Indian businesses have questioned the idea of benefit-sharing with local and indigenous communities. In 2019, for example, after a long court battle with the Uttarakhand SBB over-sharing benefits with locals, yoga guru and businessman Baba Ramdev’s company Divya Pharmacy challenged the SBB’s right to demand a fair and equitable benefit share and whether such a rule could be imposed on domestic companies.

The court upheld the powers of the biodiversity board in its judgement., in 2018.

Environmentalists have also noted that BMCs have contracted private firms to create People’s Biodiversity Registers, effectively excluding locals from the process.

Benefits of the proposed amendment:

According to the objectives statement of the Biological Diversity (Amendment) Bill, 2021, it seeks to:

  • Reduce the pressure on wild medicinal plants by encouraging medicinal plant cultivation;
  • Exempts Ayush practitioners from notifying biodiversity boards to gain access to biological resources or knowledge;
  • Allows for faster research, simplifies the patent application process, and decriminalises certain offences;
  • Increase foreign investment in biological resources, research, patenting, and commercialization without jeopardising national interests;

Key Benefits

  • Ayush practitioners have been exempted from the Act’s scope, which is a significant step because the Ayush industry relies heavily on biological resources in India.
  • Registered Ayush practitioners who have been practising indigenous medicine can access any biological resource and its associated knowledge for commercial use without notifying the state biodiversity board first.
  • It will also attract more foreign investment in biological resources, research, patenting, and commercialization, without jeopardising national security.

Concerns of the proposed amendment

  • Exclusion of Cultivated Medicinal Plants: The bill exempts cultivated medicinal plants from the Act’s scope, but it is nearly impossible to tell which plants are cultivated and which are wild. This provision may allow large corporations to avoid the need for prior approval or to share the benefit with local communities under the Act’s access and benefit-sharing provisions.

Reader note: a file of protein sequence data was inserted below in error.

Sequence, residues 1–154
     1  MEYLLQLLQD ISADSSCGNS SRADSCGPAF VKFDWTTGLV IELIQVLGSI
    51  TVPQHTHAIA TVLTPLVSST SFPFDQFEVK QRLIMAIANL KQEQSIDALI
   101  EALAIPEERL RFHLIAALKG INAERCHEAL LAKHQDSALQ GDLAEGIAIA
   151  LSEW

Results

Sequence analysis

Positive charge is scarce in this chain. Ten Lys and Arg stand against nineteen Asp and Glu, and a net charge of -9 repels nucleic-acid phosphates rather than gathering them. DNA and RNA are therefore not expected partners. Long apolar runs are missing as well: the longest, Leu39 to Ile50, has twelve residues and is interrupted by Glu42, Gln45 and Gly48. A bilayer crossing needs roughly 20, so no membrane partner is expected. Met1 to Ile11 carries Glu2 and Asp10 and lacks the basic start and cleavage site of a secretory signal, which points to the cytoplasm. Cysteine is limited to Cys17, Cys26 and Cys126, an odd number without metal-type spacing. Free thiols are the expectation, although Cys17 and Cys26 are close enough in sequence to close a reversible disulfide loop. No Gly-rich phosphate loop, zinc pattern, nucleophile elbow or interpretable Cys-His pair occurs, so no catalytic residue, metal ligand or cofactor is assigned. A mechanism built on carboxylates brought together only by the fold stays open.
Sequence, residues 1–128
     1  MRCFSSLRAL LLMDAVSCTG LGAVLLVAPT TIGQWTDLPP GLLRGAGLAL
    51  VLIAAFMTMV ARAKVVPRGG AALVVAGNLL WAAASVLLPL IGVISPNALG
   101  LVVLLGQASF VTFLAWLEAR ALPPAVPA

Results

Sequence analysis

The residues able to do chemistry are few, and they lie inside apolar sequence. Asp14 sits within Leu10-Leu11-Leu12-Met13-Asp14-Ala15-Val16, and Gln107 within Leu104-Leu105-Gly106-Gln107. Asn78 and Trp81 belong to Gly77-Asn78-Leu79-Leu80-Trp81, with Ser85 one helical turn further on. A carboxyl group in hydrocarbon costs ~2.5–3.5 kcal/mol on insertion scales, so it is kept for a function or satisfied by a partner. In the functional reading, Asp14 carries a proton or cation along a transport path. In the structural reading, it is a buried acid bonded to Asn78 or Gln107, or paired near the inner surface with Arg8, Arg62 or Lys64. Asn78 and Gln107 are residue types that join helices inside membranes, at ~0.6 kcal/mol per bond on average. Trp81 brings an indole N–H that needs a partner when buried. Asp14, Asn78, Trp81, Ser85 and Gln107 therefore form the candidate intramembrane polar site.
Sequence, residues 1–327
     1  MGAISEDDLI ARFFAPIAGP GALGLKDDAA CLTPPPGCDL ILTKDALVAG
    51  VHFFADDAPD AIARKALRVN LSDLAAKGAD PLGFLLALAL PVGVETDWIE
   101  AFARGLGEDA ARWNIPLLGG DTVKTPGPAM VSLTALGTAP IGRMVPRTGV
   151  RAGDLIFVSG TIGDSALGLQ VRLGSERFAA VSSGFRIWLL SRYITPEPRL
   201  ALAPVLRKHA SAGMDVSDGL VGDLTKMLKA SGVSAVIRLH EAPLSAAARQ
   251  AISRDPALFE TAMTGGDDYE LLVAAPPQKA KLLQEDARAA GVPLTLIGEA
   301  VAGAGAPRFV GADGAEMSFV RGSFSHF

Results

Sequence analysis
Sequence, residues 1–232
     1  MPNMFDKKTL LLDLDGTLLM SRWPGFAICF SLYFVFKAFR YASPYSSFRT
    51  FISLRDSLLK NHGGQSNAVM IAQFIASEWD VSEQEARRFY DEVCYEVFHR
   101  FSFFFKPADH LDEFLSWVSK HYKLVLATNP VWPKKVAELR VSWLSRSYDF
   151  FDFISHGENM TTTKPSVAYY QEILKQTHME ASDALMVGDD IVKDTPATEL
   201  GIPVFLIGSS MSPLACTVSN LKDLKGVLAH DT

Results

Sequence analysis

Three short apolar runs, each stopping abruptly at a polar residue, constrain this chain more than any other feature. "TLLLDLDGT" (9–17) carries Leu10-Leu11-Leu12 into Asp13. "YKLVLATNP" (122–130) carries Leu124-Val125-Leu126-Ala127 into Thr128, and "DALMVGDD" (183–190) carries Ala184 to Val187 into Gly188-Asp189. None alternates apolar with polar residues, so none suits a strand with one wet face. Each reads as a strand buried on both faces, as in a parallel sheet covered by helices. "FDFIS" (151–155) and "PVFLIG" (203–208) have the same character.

• Inconsistent with the aim and objective of the Biological Diversity Act: The amendment appears to be done solely for the benefit of the Ayush industry. The bill’s primary goal is to facilitate biodiversity trade rather than conservation, biodiversity protection, and local community knowledge. The amendments are diametrically opposed to the purpose and goal of the Biological Diversity Act of 2002.

What lies ahead?

There’s an immediate need to refer the Bill to a standing committee on Environment, rather than a Select Committee as the process of scrutiny of the proposed amendment is crucial at this point.

Apart from this, all the concerns raised by the joint committee, in the future, should be tended to thoroughly.

Summary
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The Biological Diversity Amendment Bill, 2021; an immediate need for standing committee on Environment to refer the Bill
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The Act provides for the preservation of biological diversity, the sustainable use of its components, and the fair and equitable distribution of benefits derived from the use of biological resources (Biological resources include plants, animals, micro-organisms or their genetic material, with use or value for humanity (excludes human genetic material).
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THE POLICY TIMES